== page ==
By Jennifer Hoegg
Justin Fynes hopes his routine calls to Eastlink, asking for high-speed Internet access, will soon come to an end.
He and his wife Virginia built a house in Morristown three years ago, figuring the provincial government and the communication company would come through on their promise of rural wireless services.
“We live on a paved, main highway, and the neighbours who live on either side of us have high-speed, and I can’t get it,” Fynes said.
A technician has been out to the home several times, without any luck. Two years ago, Fynes said he even paid for snow removal at the company’s request for a service call.
In the meantime, the couple has a contract to access Internet over the mobile phone network for a limited amount of data.
“We’re still stuck watching carefully what we do with Internet,” he said.
That’s not always easy.
“I have a business and I go way over my limit,” Virginia Fynes added.
Last spring, Justin said he spoke to Eastlink and was told again the company was “working on it.”
“I said to him, ‘you were working on it two years ago and I got a two-year contract with Telus for a hub that is coming to an end.’”
An international student from Austria is coming to stay with the Fynes family later this month and the guest would like to be able to e-mail and Skype with his family overseas.
“We told him we would take him somewhere with Internet, but it’s embarrassing and awful,” Justin said.
“I absolutely love where I live, but if I had known it was going to take this time, I would have considered building somewhere else.”
Hope for connection
Kings West MLA Leo Glavine said there have been promising developments on the issue. A proposal from Eastlink is forthcoming to offer satellite service to some of the homes the current broadband approach hasn’t reached, he said.
“We continue to work with the province and are currently awaiting final approval from the province on the parameters of the proposed solution for those hardest to reach customers,” Eastlink spokesman Jill Laing said in an email.
Kings-North MLA Jim Morton said Jan. 14 he thinks the Department of Economic and Rural Development would be open to the proposal.
“The initial terms of the contract are still the terms – in terms of standard of service,” Morton said. “What the department would expect is any proposal might suggest variations on the technology, but … would meet the quality of the standards laid out in the contract.”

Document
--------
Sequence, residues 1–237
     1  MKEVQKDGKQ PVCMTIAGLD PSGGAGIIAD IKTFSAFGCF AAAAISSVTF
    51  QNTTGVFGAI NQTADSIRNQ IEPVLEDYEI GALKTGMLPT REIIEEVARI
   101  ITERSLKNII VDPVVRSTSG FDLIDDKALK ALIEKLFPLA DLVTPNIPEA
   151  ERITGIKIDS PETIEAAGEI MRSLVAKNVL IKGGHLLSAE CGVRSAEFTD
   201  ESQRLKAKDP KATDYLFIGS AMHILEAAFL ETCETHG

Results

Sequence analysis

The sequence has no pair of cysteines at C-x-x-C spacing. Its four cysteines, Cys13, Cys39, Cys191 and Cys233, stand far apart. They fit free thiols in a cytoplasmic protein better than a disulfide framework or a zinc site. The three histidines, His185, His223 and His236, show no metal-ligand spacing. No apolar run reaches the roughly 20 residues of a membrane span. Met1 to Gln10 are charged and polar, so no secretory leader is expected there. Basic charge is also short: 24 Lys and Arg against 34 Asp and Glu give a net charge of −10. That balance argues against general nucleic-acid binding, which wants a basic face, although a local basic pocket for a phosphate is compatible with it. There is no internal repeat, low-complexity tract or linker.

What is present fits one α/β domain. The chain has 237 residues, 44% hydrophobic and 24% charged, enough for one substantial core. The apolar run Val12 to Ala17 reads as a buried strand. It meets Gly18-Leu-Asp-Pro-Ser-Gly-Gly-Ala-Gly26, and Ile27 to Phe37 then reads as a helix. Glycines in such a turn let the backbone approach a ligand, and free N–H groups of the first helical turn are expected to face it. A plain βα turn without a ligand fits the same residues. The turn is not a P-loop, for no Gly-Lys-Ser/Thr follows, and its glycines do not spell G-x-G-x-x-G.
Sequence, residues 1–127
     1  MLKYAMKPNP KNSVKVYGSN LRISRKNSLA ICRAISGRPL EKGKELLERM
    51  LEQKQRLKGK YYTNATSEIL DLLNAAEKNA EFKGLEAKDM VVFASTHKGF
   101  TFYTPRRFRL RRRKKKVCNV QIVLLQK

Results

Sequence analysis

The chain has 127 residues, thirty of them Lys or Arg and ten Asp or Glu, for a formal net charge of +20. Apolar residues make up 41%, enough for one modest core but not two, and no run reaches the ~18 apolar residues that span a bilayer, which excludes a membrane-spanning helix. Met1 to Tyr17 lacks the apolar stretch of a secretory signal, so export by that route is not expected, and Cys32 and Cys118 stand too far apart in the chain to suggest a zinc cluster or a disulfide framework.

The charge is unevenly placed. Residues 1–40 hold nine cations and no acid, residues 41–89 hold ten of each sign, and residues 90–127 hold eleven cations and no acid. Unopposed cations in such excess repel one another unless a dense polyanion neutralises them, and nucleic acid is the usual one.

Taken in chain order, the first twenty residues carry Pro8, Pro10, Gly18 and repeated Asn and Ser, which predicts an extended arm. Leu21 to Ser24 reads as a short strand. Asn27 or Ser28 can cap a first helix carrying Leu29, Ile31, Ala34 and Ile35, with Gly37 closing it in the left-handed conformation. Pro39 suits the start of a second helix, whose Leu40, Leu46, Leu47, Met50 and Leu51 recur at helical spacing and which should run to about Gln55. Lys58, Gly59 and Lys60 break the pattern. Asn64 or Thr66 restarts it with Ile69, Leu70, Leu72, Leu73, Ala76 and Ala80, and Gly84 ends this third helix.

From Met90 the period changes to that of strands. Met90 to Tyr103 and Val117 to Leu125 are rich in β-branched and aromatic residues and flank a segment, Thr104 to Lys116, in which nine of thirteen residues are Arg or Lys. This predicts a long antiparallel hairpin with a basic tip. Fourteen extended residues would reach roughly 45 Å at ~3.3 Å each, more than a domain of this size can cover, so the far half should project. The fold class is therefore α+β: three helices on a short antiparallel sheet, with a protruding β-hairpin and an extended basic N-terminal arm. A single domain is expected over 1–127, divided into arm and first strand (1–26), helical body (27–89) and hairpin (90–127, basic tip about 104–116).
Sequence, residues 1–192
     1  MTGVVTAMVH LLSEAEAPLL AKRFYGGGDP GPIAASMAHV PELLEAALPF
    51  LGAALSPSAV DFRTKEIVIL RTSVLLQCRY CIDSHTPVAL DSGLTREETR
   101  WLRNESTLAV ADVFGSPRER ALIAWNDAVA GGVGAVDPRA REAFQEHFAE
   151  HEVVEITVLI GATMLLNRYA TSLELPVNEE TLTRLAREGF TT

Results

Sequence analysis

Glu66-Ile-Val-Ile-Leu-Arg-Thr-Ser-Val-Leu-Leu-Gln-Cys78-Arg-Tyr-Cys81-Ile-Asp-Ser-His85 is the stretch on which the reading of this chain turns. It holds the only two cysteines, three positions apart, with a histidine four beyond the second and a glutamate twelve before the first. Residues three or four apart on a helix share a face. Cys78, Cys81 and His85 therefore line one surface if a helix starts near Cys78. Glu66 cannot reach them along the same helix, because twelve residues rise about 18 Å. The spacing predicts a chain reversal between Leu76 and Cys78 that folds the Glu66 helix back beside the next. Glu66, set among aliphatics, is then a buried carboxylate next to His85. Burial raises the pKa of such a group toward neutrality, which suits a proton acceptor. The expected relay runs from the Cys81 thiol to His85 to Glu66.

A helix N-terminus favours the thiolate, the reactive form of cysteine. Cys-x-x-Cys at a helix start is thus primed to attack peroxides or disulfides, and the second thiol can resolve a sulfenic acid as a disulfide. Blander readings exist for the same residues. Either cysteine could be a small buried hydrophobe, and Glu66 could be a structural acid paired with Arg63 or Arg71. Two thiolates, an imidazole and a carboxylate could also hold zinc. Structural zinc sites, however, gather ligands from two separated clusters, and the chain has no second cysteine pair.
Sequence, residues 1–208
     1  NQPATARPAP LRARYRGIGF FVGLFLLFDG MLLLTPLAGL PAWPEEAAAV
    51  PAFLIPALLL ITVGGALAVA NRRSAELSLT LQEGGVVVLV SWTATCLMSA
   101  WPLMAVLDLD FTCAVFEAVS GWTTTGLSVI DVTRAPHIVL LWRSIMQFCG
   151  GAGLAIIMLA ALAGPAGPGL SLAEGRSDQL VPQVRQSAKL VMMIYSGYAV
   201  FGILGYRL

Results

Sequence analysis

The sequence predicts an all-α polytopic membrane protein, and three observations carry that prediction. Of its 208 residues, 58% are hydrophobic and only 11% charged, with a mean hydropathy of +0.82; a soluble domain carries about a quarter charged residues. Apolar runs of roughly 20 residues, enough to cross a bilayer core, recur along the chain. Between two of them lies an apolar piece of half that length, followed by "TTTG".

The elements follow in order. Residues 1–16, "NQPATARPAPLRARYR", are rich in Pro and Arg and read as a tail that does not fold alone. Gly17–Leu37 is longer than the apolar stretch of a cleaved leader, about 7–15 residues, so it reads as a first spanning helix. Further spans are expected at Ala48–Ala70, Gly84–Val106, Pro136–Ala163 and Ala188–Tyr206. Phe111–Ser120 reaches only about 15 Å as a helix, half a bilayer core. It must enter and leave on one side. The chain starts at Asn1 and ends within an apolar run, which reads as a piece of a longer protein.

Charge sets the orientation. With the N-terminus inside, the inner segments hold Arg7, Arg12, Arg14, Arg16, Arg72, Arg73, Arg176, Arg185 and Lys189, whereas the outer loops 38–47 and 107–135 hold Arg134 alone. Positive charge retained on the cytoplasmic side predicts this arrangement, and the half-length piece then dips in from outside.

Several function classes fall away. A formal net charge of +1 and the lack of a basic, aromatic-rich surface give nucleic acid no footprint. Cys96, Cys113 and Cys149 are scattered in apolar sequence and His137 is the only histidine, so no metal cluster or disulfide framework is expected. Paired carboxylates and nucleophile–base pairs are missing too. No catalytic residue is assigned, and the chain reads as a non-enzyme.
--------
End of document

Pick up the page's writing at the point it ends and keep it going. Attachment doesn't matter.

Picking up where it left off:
However, Mike Innis - who helped organize a public meeting, a committee and a petition on the issue in November - isn’t convinced satellite technology is the right solution.
“From my research – unfortunately from all of my research - it’s not much better than dial-up,” the Huntington Point resident said. “And it is affected by the weather.”
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Innis said the newly-formed Public Committee for High Speed Internet Access Nova Scotia is hearing from people throughout the province without high-speed access and compiling a map to present to the minister.
“We’re spreading like wildfire,” Innis said. “Some of the impact statements we have been collecting are heartbreaking.”
Glavine and Innis both suggest it might be time to look beyond broadband wireless as the rural solution.
“If fibre optic technology is where things are headed for the future, then why not jump on it now and get the infrastructure?” Innis said.
In the meantime, Innis said, additional public meetings are planned for the Berwick area and the committee is researching other options and companies for service.
“There are solutions out there,” he said. “They just need to be addressed.”
What the MLAs say…
Leo Glavine, who can only get dial-up Internet at his own home, has been vocal on the issue.
“Having some degree of reliable high-speed is what Nova Scotians were promised in 2006 with great fanfare,” Glavine said. “Here we are with dial-up and the inability to run a small business, to research… to do banking from their home.”
In terms of advancing rural Nova Scotia, he added, high-speed Internet and the ability for people to live and work in small communities can be “huge.”
“I do know it’s a very frustrating process for a number of people in my constituency who haven’t been able to get the service,” Kings-South MLA Ramona Jennex said.
“For each individual who has contacted our office, we have done our best with (the department of Economic and Rural Development) to support them. I know it’s a very frustrating thing.”
Overall, though, Kings North MLA Jim Morton believes the project to provide high-speed Internet across the province has been “a huge success.”
“It has transformed the lives of people through rural Nova Scotia,” Morton said. “At this point, the focus is on serving those remaining customers.”
Jennex and Morton both said they understood the number of people waiting in southwest Nova Scotia to be approximately 800.
“In a province of almost a million people, we’re down to what they call the last mile,” Jennex said, “but for those people who don’t have it, those aren’t comforting words.”